(7) The age, health, education, and work experience of both parties;
(8) whether the payments were intended as economic security or retirement benefits;
(9) the standard of living established during the marriage.

If your spouse is trying to discharge your alimony you need to see an attorney right away to make sure your rights are protected. Alternatively, if you need to discharge alimony, an experienced attorney can help you determine how the court is likely to view your case.

For more information about Bankruptcy and if alimony dischargeable in bankruptcy   – contact Cynthia Remboldt, at the Remboldt Law Firm at 404-348-4081. FREE consultations can be scheduled by calling 404-348-4081.  Evening and Weekend hours are available to meet with an attorney.  If bankruptcy turns out to be the best way to move forward considering your alternatives, goals and financial challenges, payment plans are available if you need them.

Aiding and Abetting Fraudulent Transfers

Aiding and Abetting Fraudulent TransfersAiding and abetting fraudulent transfers. Can a Trustee maintain an action against parties who were directly involved in the implementation of a fraudulent transfer, but were not the recipient of any of the fraudulently transferred property? Would it matter if the involved party were an attorney? It depends on where you are.

Two bankruptcy courts have addressed this issue and made contrary holdings, based on differing state law. In the case of In re Parker, 2009 WL205011 (Bkrtcy. E.D. N.Y.), Judge Eisenberg held that applicable New York law “does not recognize a cause of action against parties for aiding and abetting a fraudulent conveyance because …the parties were neither transferees of the assets nor beneficiaries of the conveyance.” Further, the status of one party as an attorney did not change this finding. The Trustee’s only remedy was avoidance of the transfer and recovery of the transferred property for the bankruptcy estate.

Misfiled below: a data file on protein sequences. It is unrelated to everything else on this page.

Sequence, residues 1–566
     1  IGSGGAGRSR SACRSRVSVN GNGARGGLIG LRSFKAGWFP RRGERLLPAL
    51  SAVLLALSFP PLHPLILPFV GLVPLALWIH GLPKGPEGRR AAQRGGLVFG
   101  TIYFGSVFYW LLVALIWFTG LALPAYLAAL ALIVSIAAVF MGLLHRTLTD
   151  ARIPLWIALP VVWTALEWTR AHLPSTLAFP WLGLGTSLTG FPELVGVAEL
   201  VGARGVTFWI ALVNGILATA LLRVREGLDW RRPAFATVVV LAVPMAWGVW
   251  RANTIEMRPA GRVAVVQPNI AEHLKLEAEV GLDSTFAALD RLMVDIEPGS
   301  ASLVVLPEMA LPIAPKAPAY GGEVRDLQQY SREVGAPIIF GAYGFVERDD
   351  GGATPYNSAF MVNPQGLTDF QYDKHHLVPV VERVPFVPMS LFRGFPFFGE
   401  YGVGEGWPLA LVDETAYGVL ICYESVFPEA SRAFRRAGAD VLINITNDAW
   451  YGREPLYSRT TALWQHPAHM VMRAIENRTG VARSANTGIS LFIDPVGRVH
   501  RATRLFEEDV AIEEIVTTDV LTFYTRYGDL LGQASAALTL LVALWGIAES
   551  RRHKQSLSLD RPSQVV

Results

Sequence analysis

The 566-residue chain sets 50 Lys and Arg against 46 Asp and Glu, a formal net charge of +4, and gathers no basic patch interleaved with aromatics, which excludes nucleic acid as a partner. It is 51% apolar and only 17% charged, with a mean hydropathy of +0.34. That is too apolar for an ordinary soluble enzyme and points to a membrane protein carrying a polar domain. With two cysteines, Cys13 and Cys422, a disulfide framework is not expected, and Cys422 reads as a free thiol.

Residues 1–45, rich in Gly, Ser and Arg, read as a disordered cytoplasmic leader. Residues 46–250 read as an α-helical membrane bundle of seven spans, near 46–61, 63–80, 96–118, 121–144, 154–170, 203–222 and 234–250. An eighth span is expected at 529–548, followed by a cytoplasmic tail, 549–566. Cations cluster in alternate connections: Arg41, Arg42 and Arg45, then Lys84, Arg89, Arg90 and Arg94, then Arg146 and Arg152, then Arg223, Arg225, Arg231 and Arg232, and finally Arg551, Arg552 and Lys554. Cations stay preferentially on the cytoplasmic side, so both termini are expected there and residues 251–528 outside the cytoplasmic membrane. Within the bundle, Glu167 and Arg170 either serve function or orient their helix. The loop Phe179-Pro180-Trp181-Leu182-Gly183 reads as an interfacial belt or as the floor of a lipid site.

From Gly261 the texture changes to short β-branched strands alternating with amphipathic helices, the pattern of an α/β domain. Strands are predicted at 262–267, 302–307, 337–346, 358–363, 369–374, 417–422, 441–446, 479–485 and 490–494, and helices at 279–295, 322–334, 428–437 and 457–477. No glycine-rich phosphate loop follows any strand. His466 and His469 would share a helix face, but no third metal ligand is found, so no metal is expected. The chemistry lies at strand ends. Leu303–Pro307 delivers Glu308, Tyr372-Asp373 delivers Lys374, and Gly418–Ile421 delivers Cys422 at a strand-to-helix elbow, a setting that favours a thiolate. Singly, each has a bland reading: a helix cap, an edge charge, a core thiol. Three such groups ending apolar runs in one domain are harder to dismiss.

In the case of In re Restaurant Development Group, Inc. 397 B.R. 891 (Bkrtcy.N.D. Ill. 2008), Judge Schmitterer noted that Illinois courts recognize claims for conspiracy against attorneys where there is evidence of participation in a plan with their clients to commit fraud. Though acknowledging that other states, under their version of the Uniform Fraudulent Transfers Act, have not found and do not recognize aiding and abetting claims against non-recipients of fraudulent transfers: The Court found such liability under Illinois law. If you have a question about the liability of aiding and abetting fraudulent transfers you should seek the advice of an experience bankruptcy attorney.

For more information about Bankruptcy and aiding and abetting a fraudulent transfers  – contact Cynthia Remboldt, at the Remboldt Law Firm at 404-348-4081. FREE consultations can be scheduled by calling 404-348-4081.  Evening and Weekend hours are available to meet with an attorney.  If bankruptcy turns out to be the best way to move forward considering your alternatives, goals and financial challenges, payment plans are available if you need them.

Post-Petition Inheritance

Post-Petition InheritancePost-petition inheritance disclaimer was avoided. Here’s what happened.

Post-petition inheritance disclaimer was avoided.  The Debtor’s mother died on June 27. 2006, and the debtor filed her bankruptcy petition on September 29, 2006. On November 3, 2006. the Debtor. who was executrix of the probate estate, filed a disclaimer of the inheritance she was to receive. The Trustee then sought to avoid the purported disclaimer as an unauthorized post-petition transfer under §549. The Debtor countered that under Fifth Circuit and Texas law the disclaimer related back to the date of death, and therefore did not occur post-petition. ln re Schmidt. 362 B.R. 318 (Bkrtcy.W.O. Tex. 2007).